Problems with the United States’ Failed Foreign Policy

In this post, I want to look at foreign policy. This blog is about Montana politics and policy in every aspect, and as a member state in the United States of America, foreign policies from Washington, D.C. affect us profoundly. I believe that Montana has a unique voice on the issue. So from time to time we may engage here on a topic of international relevance.

While this video from TruthRevolt would have you believe that the Middle East is simple–that it is a 1940s cowboy movie complete with black and white hats to denote who the good and bad guys are—I believe anyone smarter than a potato can see through the absurdity. The video would lead a person to believe that there is disagreement in Washington D.C. about foreign policy. As someone who has spent some time there and a lot of time thinking about my experience on “The Hill,” let me assure you: there is no such disagreement. There are two “sides” to a consensus of Washington, D.C. foreign policy period, end of story. Dissension will not be tolerated, you isolationist.

As it is with all things D.C. There is a “left” and “right” to the sides, but on this topic they pretty much only disagree in motivation and rhetoric; their actions and assumptions are exactly the same. The foreign policy neoconservatives, as represented here by TruthRevolt, somehow appear to believe that conflict in the Middle East started in 2008 (10 seconds into the video) and Iran became a country with no historical context whatsoever in 1979 (See here Ben Shapirio’s, “Obama’s Faith in Iran”). They engage in a history selection bias to craft a media narrative that is scaled to give you the impression that all our Middle Eastern woes are because of Democrats. Never mind that Democrats do exactly the same thing in the power seat while they are in office.

In a way, U.S. policy in the Middle East has been “progressive” since Wilson administration. But this version of progressivism is completely unlike the progressivism that most leftist activists, peace-loving liberals, and your average workaday union member believe in. D.C. Progressivism believes in the same core principles as the Neoconservatives and it shows when you look at their decisions in the last 25 years. We could go back much further but let us start there. The same rationale and assumption of America’s role as hegemonic power undergirds the decision to invade Iraq as it does the decision to stay in Afghanistan, as the decision to maintain troops in Saudi Arabia after gulf war 1, to bomb Kosovo, to draw a red line on chemical weapons, and to push for war and/or arms for rebels in Syria. You get the idea.

(1 Minute into the TR video) Maybe “attacking our enemies” did not work out as planned? No serious observer can deny that we really have 3 options for how to deal with Iraq at the beginning of the 2000s. Our options were:

1. Saddaam Hussein running the geographic area of Iraq, the U.S. playing a role insolating and containing him if he doesn’t play by the rules.

2. Topple the Hussain regime and commit to perpetual American troop deployments to Iraq, a 100 year commitment (according to Dick, McCain and so on).

3. Topple the stabilizing regime and allow the rise of militias who form Islamofascist (rather than secular fascists) governments when America either pulls out due to war weariness or financial ruin.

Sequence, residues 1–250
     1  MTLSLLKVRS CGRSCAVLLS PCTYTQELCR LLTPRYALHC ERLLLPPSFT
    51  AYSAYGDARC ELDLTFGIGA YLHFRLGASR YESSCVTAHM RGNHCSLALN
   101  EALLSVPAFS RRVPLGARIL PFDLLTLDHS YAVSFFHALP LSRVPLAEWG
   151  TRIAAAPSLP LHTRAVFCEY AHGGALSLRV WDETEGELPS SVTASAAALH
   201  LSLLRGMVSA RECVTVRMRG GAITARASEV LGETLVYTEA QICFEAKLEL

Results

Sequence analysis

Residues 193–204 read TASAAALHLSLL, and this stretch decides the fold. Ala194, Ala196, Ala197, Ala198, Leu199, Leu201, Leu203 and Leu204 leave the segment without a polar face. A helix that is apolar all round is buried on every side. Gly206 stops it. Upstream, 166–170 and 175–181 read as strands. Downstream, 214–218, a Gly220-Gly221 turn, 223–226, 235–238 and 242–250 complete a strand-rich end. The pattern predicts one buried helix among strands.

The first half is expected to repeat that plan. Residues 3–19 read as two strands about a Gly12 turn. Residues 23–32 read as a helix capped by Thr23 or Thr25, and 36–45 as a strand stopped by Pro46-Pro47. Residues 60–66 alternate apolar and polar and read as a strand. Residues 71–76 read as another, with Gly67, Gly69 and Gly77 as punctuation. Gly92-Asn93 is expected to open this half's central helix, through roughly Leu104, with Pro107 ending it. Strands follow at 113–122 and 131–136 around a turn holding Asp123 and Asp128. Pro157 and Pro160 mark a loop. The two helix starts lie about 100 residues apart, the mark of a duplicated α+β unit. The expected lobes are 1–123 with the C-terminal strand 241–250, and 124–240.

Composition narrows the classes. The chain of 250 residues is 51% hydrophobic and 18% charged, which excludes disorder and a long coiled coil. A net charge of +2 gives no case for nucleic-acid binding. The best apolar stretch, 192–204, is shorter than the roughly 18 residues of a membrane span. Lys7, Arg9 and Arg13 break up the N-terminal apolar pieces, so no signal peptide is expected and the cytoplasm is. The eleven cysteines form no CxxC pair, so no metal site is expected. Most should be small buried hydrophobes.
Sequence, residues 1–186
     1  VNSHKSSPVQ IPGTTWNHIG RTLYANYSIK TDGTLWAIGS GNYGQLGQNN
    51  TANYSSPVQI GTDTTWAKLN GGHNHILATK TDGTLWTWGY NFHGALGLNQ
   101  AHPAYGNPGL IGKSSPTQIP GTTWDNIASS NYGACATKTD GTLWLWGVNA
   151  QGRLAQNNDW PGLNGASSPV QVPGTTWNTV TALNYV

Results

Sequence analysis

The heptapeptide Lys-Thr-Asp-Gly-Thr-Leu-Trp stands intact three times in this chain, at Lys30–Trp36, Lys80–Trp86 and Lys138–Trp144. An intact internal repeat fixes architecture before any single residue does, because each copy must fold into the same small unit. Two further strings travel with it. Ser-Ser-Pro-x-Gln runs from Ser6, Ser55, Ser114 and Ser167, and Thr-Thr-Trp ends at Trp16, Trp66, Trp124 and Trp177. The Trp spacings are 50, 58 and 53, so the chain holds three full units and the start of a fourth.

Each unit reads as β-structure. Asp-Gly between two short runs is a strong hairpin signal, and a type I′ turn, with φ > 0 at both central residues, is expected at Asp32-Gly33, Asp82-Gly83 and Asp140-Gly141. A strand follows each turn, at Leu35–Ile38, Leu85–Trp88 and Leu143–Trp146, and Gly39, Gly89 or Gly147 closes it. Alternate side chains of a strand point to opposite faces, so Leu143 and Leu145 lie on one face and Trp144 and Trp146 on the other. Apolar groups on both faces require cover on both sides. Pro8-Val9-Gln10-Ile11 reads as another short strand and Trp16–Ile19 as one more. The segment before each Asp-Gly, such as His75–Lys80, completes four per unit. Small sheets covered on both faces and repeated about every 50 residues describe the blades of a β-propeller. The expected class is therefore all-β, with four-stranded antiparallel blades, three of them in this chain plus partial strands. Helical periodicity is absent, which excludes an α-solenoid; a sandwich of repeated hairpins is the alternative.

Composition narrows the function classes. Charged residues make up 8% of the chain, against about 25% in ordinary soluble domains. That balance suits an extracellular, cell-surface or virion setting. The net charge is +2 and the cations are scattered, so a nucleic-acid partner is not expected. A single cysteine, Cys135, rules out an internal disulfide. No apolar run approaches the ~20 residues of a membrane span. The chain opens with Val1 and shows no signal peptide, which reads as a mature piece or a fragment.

Neoconservatives and D.C. Progressives believe that number 2 was the best choice. Everyone else on the planet thinks number 1 was the best choice and we got number 3. Hooray for compromise, right?

The exact opposite is true in the case of Egypt, Syria and Libya. Neoconservatives think we should back the strong man, secular dictators and not attack an “ally” with rhetoric supportive of democratic regime change. Then they criticize Obama for doing the exact same thing they advocated for in 2002.

The Surge, oh wow. The misinformation on the surge is so massive it is staggering. The most serious data driven study on why the surge “worked” was done by a guy named Robert Pape (video presentation here), and the DOD’s own findings of the surge suggest that success was the overall reduction of troops from Iraq at the time. If this sentence blows your mind you might want to note, we were not the only country in Iraq. The surge was an inadequate backfill of the holes left over when other nations fled the country. That is why a surge “worked” in Iraq but failed miserably in Afghanistan. I have never seen an actual accounting of this difference from a D.C. foreign policy expert. Mr. Klaven then skips over how the Washington consensus at the time decided to give arms and armament to Syrian groups who turned out to be ISIS. Maybe because this was backed by so called “conservatives” like McCain and other hawks.

I am a fan of TruthRevolt’s work on domestic policy. I even like a lot of what David Horowitz has to say about modern liberalism and exposing the ideological underpinnings of the left. Horowtiz’s “Freedom Center” backs TruthRevolt, or at least its video segments.

America can oppose radical Islam and protect itself from radical Islamists while not taking the posture illustrated in TruthRevolt’s videos. America cannot and should not plan the collective security of the world. The Sykes-Picot Agreement lines are not handed down by God. They were drawn by regimes TruthRevolt would naturally find completely intolerable. Why would the U.S. commit 100 years of blood and chaos to lines drawn by men on a map for the spoils of an unneeded Victorian-era war? Those are the questions TruthRevolt should be asking, not, “How dumb is Obama’s foreign policy?”

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